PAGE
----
August 17, 2022

Chris Gale hits during the Mzansi Super League
The great Chris Gale played in the West Indies in the Mzansi Super League T20 competition in South Africa in 2018

After three failed attempts to stage a world-class T20 competition, Cricket South Africa (CSA) is confident that its new event will become second in stature after the Indian Premier League (IPL).

The organization’s hopes have been boosted by the fact that the six new teams that will play in the league have all been bought by groups that have franchises in the IPL.

That should open a path into India’s economically lucrative market – although the South African international’s fortunes may be affected by the new tournament, set to start in January next year.

Competing against the IPL and the Big Bash League in Australia, CSA President Lawson Naidoo believes the combination of experience and influence provided by their new partners has the potential to take cricket in South Africa to new levels.

“We see this as a huge vote of confidence in the league with the quality of the owners we have been able to attract,” Naidoo told BBC Sport Africa.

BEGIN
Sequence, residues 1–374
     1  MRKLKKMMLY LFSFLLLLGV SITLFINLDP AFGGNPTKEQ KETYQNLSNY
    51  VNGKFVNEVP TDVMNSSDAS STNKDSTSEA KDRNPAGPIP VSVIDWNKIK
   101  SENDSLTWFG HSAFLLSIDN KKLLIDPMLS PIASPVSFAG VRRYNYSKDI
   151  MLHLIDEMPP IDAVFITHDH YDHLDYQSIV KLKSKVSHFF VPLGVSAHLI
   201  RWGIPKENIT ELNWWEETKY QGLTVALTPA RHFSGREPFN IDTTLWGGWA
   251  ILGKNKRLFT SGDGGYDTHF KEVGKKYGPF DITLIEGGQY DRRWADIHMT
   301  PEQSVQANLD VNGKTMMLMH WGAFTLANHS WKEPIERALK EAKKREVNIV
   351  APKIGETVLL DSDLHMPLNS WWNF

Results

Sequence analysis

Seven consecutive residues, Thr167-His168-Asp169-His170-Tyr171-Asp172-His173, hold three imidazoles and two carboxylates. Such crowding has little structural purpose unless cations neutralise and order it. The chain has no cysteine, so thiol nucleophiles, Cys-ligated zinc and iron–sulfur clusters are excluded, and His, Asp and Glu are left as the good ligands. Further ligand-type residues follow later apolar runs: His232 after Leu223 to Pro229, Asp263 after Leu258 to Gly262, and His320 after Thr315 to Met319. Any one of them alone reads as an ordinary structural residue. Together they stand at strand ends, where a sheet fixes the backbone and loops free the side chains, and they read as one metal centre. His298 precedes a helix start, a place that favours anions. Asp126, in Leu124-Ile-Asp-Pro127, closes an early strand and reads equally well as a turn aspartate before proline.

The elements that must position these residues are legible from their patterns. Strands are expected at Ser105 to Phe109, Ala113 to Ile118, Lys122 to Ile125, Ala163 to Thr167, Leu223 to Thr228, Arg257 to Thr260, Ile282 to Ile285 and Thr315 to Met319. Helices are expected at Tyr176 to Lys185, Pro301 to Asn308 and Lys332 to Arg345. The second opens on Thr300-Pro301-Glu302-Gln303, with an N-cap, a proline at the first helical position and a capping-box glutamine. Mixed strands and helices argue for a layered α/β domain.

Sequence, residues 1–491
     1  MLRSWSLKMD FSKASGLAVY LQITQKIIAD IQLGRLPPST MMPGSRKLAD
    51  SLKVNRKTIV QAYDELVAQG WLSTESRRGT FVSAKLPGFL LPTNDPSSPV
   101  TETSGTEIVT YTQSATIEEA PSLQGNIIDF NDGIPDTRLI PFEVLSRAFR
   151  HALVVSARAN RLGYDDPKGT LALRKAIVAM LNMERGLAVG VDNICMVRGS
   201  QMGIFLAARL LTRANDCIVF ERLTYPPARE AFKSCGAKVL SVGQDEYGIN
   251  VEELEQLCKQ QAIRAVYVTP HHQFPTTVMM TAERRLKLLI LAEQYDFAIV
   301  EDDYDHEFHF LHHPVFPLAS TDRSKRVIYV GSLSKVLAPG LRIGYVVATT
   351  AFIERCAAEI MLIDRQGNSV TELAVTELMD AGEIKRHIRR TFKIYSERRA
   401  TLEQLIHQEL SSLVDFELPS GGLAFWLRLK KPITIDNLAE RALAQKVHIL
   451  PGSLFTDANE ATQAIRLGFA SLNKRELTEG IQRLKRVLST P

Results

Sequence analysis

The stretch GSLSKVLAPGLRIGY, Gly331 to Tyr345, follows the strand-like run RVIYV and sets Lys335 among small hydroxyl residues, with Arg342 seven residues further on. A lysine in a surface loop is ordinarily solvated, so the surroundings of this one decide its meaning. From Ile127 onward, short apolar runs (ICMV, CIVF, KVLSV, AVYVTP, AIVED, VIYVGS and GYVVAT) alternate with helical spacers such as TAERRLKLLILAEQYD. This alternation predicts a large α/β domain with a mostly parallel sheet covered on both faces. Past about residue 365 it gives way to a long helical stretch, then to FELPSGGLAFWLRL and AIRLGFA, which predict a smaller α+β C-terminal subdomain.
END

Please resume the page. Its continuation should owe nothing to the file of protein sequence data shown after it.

“They all have a long association with T20 cricket and understand how to achieve success in a league like this.

“It shows that it was the right decision the CSA made to create this league and with the right partners, which we believe we have in common, this will be something that will change the face of cricket in South Africa in the years to come.

“This is the opportunity for us to create the second best T20 league in the world. Looking at our partners, it is clear that we will benefit from the experience they bring from the IPL.”

South Africa’s cricket has had its fair share of off-court trouble in recent years, but the CSA said the new, as-yet-to-be-named tournament attracted bids from 29 entities around the world before it confirmed the six franchisees last month.

Reliance Industries, owner of the Mumbai Indians, will own a team based at the picturesque Newlands Cricket Ground in Cape Town, while the owners of the Chennai Super Kings have won the rights to a team that will be based at South Africa’s largest cricket ground, Wanderers Stadium in Johannesburg.